There is nothing duller than a cemetery when you are a young kid. Even if it is a very important one in Washington, DC. On the last day of their Washington, DC, vacation, Jack, and his family visit such a place. And Jack, is less than impressed. That is until he finds himself watching a solider who is guarding a tomb. She takes 21 steps. Pauses 21 seconds and repeats. She ignores the sweat dripping off her faces and does not stop to sip water. She does not notice the people quietly watching, some with hats in hands, others with tears in their eyes. She will do this until she is replaced by another solider who will do this.
Jack is at the Tomb of the Unknown Solider. After feeling the importance of that special monument and moment, when he is back in the airport, he sees a solider, walks up to him and quietly says, “thank you,” to him. Whereas the unknown solider says, “You are welcomed.”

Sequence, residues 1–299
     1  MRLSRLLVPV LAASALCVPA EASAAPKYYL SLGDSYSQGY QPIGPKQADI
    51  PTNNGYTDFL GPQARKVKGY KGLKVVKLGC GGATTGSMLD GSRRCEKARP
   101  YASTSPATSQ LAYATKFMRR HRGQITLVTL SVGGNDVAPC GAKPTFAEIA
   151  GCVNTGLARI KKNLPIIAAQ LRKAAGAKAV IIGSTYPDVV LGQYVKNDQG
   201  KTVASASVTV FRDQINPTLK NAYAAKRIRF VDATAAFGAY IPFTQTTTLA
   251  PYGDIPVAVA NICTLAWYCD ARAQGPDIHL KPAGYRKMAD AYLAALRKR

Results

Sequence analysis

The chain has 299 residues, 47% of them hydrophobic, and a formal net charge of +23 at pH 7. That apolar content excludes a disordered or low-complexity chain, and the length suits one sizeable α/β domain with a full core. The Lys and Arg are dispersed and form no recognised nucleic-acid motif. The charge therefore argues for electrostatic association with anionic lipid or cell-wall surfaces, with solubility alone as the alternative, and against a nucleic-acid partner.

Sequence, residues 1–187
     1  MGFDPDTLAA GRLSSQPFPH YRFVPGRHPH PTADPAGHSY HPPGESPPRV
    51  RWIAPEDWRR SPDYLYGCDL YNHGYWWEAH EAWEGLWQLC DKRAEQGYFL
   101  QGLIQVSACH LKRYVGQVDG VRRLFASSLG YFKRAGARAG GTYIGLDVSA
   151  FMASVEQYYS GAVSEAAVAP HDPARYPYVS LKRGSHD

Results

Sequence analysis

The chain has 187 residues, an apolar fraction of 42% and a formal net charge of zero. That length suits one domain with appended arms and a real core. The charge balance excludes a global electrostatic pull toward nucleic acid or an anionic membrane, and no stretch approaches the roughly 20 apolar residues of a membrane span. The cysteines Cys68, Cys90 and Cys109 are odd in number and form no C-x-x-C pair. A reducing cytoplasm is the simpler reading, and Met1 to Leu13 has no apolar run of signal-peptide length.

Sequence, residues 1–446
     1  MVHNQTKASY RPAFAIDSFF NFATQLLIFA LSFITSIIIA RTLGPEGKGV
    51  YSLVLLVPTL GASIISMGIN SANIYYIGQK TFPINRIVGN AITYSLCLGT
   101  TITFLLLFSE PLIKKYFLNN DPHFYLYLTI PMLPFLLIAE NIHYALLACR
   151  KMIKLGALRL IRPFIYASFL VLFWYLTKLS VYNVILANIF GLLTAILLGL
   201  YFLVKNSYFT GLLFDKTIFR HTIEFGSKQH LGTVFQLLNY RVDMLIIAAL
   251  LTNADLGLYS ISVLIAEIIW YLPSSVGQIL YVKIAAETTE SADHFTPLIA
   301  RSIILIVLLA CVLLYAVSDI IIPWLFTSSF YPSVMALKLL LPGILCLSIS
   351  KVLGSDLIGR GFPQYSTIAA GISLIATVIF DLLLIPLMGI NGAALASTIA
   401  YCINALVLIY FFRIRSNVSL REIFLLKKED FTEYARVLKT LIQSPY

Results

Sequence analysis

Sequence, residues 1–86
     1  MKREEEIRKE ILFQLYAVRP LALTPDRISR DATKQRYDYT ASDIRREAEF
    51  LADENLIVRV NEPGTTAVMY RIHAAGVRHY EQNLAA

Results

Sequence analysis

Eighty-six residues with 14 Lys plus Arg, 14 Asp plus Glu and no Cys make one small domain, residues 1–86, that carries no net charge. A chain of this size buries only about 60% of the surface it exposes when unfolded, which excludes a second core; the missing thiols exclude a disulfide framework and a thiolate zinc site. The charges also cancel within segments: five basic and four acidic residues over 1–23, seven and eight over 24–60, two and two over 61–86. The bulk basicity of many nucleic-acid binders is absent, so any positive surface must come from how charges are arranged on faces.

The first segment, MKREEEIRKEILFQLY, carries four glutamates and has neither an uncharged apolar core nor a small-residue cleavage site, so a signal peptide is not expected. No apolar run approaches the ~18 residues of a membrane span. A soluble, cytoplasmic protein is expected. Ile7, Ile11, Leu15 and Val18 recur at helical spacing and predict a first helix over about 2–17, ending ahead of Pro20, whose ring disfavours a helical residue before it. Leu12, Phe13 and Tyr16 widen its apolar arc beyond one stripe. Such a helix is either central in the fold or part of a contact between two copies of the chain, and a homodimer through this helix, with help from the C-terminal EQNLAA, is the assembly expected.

The Unknown Soldier by Jess M. Brallier is a poetic look at the symbolism of the monument in DC that is the Tomb of the Unknown Soldier. An afterwards by the author explains what the significance of this monument is. The story is a nice way of introducing the Tomb.
The illustrations of Jamie Peterson continue the poetic tone to the story. They bring a lightness (physically with the soft colors, lines, and details) to the serious text. The story is not depressing but has a hopefulness to the somberness. Overall, this is a sweet book that is a great introduction to a piece of history and a part of our capital.
All ages could listen to it but does work for the older child who will sit and listen to a story. It could work as high as a first or second grade class, but the picture book format my turn off older readers.